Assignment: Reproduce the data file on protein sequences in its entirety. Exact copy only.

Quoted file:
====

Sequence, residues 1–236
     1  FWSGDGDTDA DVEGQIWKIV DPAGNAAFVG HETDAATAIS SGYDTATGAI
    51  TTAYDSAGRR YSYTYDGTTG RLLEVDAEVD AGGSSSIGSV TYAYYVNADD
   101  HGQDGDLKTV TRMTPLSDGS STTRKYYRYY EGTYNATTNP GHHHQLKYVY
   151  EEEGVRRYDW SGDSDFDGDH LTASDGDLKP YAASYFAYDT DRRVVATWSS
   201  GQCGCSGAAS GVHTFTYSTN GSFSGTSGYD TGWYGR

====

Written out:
Sequence, residues 1–236
     1  FWSGDGDTDA DVEGQIWKIV DPAGNAAFVG HETDAATAIS SGYDTATGAI
    51  TTAYDSAGRR YSYTYDGTTG RLLEVDAEVD AGGSSSIGSV TYAYYVNADD
   101  HGQDGDLKTV TRMTPLSDGS STTRKYYRYY EGTYNATTNP GHHHQLKYVY
   151  EEEGVRRYDW SGDSDFDGDH LTASDGDLKP YAASYFAYDT DRRVVATWSS
   201  GQCGCSGAAS GVHTFTYSTN GSFSGTSGYD TGWYGR